Granola bar ingredientsThis is a very versatile recipe you make so many different ways. And unlike my previously posted granola bars, this one contains no oil and requires no baking time. Be sure to pack the mixture firmly into your pan to ensure the bars hold together well.

Granola barsThese bars have just the right amount of sweetness. They are perfect for a breakfast on the go (pair up with a green smoothie), a snack, for the lunchbox, or as a dessert.

  • 1 ½ cup rolled oats (gluten free if necessary)
  • 1 ¼ cup rice crisp cereal
  • 1 tsp cinnamon
  • 1 cup add-ins of your choice (see example list below)
  • ½ cup brown rice syrup
  • ¼ cup peanut or almond butter
  • 1 tsp vanilla extract

Add-In Examples:

  • Seeds – Hemp, Sunflower, Pumpkin, Sesame or Flax seeds
  • Shredded coconut
  • Chocolate – Cocoa nibs or small dark chocolate chips
  • Dried Fruit – Cranberries, Raisins, currants or chopped apricots
  • Chopped Nuts – pecans, almonds, peanuts or cashews

For the class I used ½ cup sliced almonds, ¼ cup currants, ¼ cup cocoa nibs.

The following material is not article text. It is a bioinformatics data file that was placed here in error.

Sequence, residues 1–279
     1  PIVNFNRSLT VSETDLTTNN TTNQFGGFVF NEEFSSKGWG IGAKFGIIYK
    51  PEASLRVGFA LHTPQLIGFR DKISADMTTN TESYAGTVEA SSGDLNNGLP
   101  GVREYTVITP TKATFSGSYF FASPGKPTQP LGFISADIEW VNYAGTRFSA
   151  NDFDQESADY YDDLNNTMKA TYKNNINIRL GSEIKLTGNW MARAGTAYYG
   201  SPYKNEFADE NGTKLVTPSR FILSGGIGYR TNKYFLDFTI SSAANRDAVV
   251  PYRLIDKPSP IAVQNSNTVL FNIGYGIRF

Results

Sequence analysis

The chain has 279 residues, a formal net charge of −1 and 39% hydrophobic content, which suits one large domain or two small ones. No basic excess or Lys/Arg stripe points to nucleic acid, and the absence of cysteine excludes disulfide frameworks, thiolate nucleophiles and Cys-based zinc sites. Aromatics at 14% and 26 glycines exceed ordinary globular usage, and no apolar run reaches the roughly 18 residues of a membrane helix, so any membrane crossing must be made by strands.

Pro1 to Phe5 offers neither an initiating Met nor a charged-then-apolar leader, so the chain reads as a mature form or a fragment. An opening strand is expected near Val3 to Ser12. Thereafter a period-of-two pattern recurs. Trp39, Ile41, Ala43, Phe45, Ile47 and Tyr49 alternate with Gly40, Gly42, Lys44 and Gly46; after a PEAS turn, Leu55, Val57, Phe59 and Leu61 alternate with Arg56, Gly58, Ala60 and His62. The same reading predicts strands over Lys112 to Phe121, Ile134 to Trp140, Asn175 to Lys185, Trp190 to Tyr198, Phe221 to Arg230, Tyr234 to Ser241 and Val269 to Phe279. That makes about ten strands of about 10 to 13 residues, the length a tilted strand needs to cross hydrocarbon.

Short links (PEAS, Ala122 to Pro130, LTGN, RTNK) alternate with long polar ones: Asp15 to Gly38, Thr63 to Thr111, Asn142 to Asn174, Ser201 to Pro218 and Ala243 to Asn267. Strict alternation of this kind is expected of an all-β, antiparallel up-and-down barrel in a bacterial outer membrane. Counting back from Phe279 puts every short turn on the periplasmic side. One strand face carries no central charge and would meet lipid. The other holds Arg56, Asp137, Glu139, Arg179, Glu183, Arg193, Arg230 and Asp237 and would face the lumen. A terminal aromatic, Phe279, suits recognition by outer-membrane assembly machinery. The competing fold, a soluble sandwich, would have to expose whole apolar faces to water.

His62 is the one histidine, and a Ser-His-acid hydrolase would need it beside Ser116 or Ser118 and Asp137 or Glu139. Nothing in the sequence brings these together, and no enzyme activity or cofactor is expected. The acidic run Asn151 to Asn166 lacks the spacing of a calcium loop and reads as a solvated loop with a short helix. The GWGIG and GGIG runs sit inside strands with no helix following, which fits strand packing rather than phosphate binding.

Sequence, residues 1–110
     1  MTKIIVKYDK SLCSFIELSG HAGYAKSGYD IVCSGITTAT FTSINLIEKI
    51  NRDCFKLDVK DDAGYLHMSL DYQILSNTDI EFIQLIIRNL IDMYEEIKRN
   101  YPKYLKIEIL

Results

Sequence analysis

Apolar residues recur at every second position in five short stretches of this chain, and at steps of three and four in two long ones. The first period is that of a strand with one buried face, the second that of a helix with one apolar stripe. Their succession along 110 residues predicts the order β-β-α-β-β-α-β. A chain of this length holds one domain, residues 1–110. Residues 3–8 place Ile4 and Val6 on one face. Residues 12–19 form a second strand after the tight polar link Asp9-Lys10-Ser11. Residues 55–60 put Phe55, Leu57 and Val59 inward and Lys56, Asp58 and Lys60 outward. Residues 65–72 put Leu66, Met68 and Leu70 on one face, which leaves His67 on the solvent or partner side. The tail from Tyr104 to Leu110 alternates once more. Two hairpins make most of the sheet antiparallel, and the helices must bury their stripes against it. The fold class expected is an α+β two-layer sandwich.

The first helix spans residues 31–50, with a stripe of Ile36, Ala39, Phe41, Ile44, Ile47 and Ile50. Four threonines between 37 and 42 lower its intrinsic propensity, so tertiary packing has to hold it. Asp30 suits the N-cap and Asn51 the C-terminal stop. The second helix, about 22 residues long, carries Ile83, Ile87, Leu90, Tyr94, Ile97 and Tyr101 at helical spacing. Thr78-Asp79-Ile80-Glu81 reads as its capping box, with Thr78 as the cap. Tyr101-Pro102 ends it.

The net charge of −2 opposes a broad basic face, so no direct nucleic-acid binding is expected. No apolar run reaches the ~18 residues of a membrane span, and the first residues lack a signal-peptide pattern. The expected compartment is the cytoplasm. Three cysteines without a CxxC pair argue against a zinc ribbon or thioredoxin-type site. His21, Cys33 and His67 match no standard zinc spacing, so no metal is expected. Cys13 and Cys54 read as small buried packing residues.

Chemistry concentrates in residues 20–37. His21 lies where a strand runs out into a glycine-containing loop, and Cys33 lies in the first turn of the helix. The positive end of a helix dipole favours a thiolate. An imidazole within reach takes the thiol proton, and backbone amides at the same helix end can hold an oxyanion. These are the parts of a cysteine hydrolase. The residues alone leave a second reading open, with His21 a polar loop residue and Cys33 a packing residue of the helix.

Line a 9 inch square cake pan with parchment paper.

In a large bowl, combine oats, rice crisps, cinnamon and add-ins. (If using chocolate chips, add in later)

In a small saucepan, combine brown rice syrup and nut butter. Cook over medium heat until mixture bubbles, stirring constantly. Remove from heat and add vanilla.

Pour hot nut butter mixture over oat mixture, using a spatula to remove everything from the saucepan. Mix well until everything is evenly coated. If using chocolate chips, add once mixture has cooled slightly, or they will just melt. (It helps to freeze the chocolate chips) Transfer mixture onto the prepared pan and pack down well using wet hands (careful, it might be very hot). Using a rolling pin, pastry roller or your hands, compact the mixture firmly and evenly. Use your fingers to press the edges well. (This will help the bars stick together).